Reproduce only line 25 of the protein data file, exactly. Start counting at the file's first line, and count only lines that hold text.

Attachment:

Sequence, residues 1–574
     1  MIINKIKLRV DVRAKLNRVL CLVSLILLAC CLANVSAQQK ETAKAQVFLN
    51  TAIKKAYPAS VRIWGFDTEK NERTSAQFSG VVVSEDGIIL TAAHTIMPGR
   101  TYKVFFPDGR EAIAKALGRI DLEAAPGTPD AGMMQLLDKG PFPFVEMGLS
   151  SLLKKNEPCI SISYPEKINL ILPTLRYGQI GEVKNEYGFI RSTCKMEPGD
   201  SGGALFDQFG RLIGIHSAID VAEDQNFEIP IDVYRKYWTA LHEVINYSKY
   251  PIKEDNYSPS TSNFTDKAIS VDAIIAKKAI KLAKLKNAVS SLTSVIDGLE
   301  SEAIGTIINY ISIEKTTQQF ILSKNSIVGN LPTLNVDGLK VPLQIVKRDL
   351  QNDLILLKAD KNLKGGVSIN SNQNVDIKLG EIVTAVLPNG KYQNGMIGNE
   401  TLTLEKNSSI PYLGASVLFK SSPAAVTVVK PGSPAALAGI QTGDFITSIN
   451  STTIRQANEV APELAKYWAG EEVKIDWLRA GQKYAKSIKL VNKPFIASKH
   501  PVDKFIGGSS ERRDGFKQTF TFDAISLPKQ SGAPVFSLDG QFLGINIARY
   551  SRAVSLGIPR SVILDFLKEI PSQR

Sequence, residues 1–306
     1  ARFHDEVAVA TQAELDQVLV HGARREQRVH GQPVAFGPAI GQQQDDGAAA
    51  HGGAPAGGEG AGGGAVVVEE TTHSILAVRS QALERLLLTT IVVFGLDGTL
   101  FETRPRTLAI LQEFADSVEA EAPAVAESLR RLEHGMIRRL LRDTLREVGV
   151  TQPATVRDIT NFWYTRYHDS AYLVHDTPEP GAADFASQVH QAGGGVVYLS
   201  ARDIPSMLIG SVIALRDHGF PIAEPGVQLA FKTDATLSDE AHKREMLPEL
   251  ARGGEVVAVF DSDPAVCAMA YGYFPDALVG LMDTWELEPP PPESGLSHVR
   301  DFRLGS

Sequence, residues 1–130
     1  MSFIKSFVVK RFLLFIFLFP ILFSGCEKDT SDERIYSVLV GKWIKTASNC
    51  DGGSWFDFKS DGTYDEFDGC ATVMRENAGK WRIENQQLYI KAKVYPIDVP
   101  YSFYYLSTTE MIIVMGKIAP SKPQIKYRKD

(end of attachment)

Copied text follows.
   101  YSFYYLSTTE MIIVMGKIAP SKPQIKYRKD